4 minute read 16 Nov 2020
How to fight corporate fraud in times of corona?

How to fight corporate fraud in times of corona

Authors
Frederik Verhasselt

EY Belgium Forensic & Integrity Services Partner

Trusted fraud investigation advisor. Compliance professional. Team player. Problem solver.

Peter Leyman

EY Belgium Forensic & Integrity Services Executive Director

Fraud investigations. Due diligence investigations. Data quality and integrity. Forensic technology. Corporate intelligence. Litigation support.

4 minute read 16 Nov 2020

Awareness of risk is where you must start. This is not a luxury when we know that the number of fraud cases is increasing due to corona.

More cases of fraud are expected to follow the corona period. On the one hand, because the safety measures challenge a number of internal controls as people work from home. On the other hand, the pressure to commit fraud is increasing due to a deteriorated economic climate.

As a result of homeworking, there is almost no social control. This means that fraudulent actions will remain undiscovered for a longer period of time and will therefore increase in severity and frequency. To respond to this, companies need to pay attention not only to compliance (respecting the rules), but also to integrity (respecting the rules when nobody is watching). A sound fraud prevention and detection policy is certainly not an unnecessary luxury. However, this is often not yet a priority with companies.

The size of a company often determines its susceptibility to fraud; after all, it is the size that determines the opportunities.

What about differences between sectors?

When the subject of fraud and businesses is discussed, the question of how the various sectors relate to each other sometimes comes up. An interesting question in itself, but one that is not easily answered. It is, of course, true that some sectors are better regulated. Banks and the pharmaceutical sector are typical examples. Do not forget that organizations have already been convicted in the past. But more important than the sector is the size of the company. What stage is it at? A small family business is fundamentally different from a fast-growing player where there are simply more opportunities to defraud and the necessary formal controls are often lacking.

Experience shows that some sectors are more susceptible to fraud as a result of bribery. Just think of the construction sector. Another relevant element is if a company contracts with certain foreign governments, for example. Those who operate only in the Benelux or in immediate neighboring countries are confronted with a completely different reality than those who do business with, say, certain former Eastern Bloc countries.

Prevention through fraud awareness

Prevention is better than cure. Above all, this means being aware of the risk of fraud and creating a culture in the company where the subject can be talked about. In addition, a number of minimal fraud controls should be considered. Keeping third party account numbers secure is one such measure. Or ensuring that certain databases are properly protected. Also be aware that certain functions lend themselves more to fraud. Financial functions are obvious, those people know the systems. Do not lose sight of the motive, it is not always about enrichment. In particular in difficult times, like today, people can be tempted to manipulate figures in order to paint a nicer picture of a gloomy reality.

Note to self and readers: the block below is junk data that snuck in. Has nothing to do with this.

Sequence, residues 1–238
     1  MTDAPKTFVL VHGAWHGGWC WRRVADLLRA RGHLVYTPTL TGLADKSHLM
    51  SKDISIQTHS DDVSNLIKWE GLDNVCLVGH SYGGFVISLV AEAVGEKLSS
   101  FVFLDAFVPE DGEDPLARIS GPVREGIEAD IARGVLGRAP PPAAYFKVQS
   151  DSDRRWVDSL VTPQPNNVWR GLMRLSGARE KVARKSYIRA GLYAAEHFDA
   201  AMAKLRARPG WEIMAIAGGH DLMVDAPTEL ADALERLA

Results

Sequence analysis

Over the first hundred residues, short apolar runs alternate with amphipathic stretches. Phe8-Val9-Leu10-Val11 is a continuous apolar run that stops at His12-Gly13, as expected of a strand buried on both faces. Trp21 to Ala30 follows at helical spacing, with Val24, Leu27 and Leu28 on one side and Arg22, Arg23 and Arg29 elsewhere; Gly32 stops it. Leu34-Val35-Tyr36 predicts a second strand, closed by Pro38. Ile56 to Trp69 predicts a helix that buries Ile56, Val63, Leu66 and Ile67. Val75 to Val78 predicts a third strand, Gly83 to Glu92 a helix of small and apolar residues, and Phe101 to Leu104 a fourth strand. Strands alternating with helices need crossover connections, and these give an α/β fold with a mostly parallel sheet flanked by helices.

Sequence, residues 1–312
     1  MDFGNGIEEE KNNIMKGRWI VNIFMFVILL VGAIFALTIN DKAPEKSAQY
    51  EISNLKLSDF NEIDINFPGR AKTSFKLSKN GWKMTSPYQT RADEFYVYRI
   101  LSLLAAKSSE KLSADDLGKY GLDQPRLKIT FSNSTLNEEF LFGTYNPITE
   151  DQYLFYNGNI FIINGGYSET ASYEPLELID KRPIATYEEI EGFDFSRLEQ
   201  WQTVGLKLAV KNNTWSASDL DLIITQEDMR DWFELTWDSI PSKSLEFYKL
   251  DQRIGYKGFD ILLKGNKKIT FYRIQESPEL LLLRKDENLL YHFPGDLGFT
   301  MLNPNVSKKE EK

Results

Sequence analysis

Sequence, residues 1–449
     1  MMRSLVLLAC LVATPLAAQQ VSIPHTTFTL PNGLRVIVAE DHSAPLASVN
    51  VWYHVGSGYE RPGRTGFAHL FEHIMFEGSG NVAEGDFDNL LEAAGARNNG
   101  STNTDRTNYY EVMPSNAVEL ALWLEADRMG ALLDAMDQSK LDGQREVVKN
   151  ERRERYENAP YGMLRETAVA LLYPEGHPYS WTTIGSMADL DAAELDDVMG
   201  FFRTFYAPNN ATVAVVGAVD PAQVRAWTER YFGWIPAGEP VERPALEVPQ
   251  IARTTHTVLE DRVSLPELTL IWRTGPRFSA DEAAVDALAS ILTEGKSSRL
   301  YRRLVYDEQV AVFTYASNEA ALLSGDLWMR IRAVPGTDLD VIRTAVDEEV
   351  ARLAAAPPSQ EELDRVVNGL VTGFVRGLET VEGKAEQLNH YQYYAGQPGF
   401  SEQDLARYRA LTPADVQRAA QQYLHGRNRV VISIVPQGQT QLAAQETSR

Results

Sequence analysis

More detection in the future

Companies are getting better at keeping an eye out for fraud risks. This in itself is of course a good evolution. Moreover, the framework that enables a more efficient approach is also evolving in a favorable direction. For example, there is the European Directive for the protection of whistleblowers which was approved last year. This carries with it the obligation to provide a whistleblower system and sets out how this can be done anonymously, but also provides guarantees for the person who blows the whistle.

Trust is a very important part of this. That trust is based on guarantees that reports can remain anonymous. That is exactly what the guidelines ensure. In the past, the only way to signal something was to send an e-mail to an internal auditor or the Board of Directors. Once a whistleblower system worthy of the name has been set up, anyone can make an anonymous report. It is also then possible to communicate anonymously with the reporter.

Thanks to the European Directive for the protection of whistleblowers, there are more possibilities for reporting.

A solid fraud response plan as the final piece

When an organization is confronted with signs of fraud, it is paramount to respond appropriately by engaging independent fraud auditors to investigate possible irregularities.

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Summary

More cases of fraud are expected to follow this corona period. On the one hand, because the safety measures challenge a number of internal controls as people work from home. On the other hand, the pressure to commit fraud is increasing due to a deteriorated economic climate. A sound fraud prevention and detection policy is certainly not an unnecessary luxury. However, this is often not yet a priority within companies.

About this article

Authors
Frederik Verhasselt

EY Belgium Forensic & Integrity Services Partner

Trusted fraud investigation advisor. Compliance professional. Team player. Problem solver.

Peter Leyman

EY Belgium Forensic & Integrity Services Executive Director

Fraud investigations. Due diligence investigations. Data quality and integrity. Forensic technology. Corporate intelligence. Litigation support.